Pete Seda's trial on federal charges alleging he illegally funneled money through his Ashland-based Islamic charity to help fund international terrorism has been delayed because of a family emergency for a member of his defense team.

Pete Seda's trial on federal charges alleging he illegally funneled money through his Ashland-based Islamic charity to help fund international terrorism has been delayed because of a family emergency for a member of his defense team.

U.S. District Court Judge Michael Hogan on Wednesday postponed the June 7 start of Seda's trial on federal money-laundering and tax-fraud charges to Aug. 30.

Defense attorneys last week sought a delay in the trial because of an injury to the wife of defense attorney Larry Matasar, said Terrie Martin, a Medford writer who is involved with the defense team.

Sandy Matasar was struck and injured by a car earlier this month in downtown Portland, Martin said.

Hogan signed the delay Wednesday so Larry Matasar could help tend to her unspecified medical condition. Hogan's order also cited the complexity of the case against the 52-year-old Seda, a former Ashland arborist known in the community for his peace activism.

Wednesday's order was the latest turn in the case involving Seda's activities as part of his Al-Haramain Islamic Foundation chapter in Ashland, which the government has characterized as a portal for funding Islamic terrorists and has portrayed Seda as a supporter of terrorism cloaked behind a peace-activist persona.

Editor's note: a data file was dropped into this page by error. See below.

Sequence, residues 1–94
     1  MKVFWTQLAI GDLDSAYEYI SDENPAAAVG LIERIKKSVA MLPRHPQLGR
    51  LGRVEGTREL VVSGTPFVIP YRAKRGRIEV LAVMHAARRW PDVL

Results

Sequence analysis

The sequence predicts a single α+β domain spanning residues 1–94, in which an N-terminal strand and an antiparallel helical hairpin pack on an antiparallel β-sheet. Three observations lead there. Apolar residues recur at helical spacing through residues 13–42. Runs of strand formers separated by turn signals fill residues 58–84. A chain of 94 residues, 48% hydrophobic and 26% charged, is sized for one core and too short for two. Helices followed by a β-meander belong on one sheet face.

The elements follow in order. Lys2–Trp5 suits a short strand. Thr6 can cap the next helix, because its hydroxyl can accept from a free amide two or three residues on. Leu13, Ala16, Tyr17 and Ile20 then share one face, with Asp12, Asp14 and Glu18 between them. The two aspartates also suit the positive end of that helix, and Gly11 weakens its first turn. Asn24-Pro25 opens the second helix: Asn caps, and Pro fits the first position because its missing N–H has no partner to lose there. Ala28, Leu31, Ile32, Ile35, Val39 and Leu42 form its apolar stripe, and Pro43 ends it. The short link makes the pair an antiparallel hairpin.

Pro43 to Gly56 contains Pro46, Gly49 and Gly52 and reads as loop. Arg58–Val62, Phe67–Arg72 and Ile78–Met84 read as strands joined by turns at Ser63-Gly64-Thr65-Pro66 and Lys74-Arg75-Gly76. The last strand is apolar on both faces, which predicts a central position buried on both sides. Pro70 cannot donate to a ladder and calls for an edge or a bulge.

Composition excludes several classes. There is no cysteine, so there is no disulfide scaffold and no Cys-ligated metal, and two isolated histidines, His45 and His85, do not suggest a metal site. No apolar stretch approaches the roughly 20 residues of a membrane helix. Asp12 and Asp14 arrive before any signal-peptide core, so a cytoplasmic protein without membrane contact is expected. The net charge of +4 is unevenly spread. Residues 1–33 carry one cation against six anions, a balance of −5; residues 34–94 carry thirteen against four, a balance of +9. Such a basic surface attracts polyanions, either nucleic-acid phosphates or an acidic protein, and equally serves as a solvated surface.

The six-year-old case has involved everything from Russian agents, anti-terrorism efforts in several countries, warrantless wiretaps and even a subpoena for Saudi Arabian bank records issued under the Patriot Act.

A federal grand jury in 2005 indicted Seda on charges that in 2000 he helped Soliman Al-Buthe — a Saudi Arabian and partner in the Ashland charity — smuggle $150,000 from Ashland to Saudi Arabia to help what Seda called Muslim refugees in Chechnya. The alleged refugee group was later labeled a terrorist organization.

Federal investigators in 2004 traced the money — in the form of traveler's checks and a cashier's check — to a Saudi Arabian bank. The checks allegedly were cashed by Al-Buthe. The government has used a Patriot Act subpoena in an attempt to gain those records.

The charges also allege Seda covered up the transactions in the charity's tax returns by overstating the purchase price of a prayer mosque in Missouri.

Seda was out of the country in February 2004 when federal agents raided his Ashland house, which also served as the charity's headquarters.

After more than two years as an international fugitive living in the Middle East, Seda returned in November 2007 to fight the charges and he remains free under federal supervision.

The federal government later labeled Al-Buthe and the Al-Haramain chapter as supporters of terrorism, but Seda so far has sidestepped that designation.

The chapter and Al-Buthe also were at the center of a federal civil lawsuit challenging the warrantless eavesdropping program begun by the Bush administration. A federal judge since ruled that the wiretapping was illegal.

Reach reporter Mark Freeman at 541-776-4470, or e-mail at mfreeman@mailtribune.com.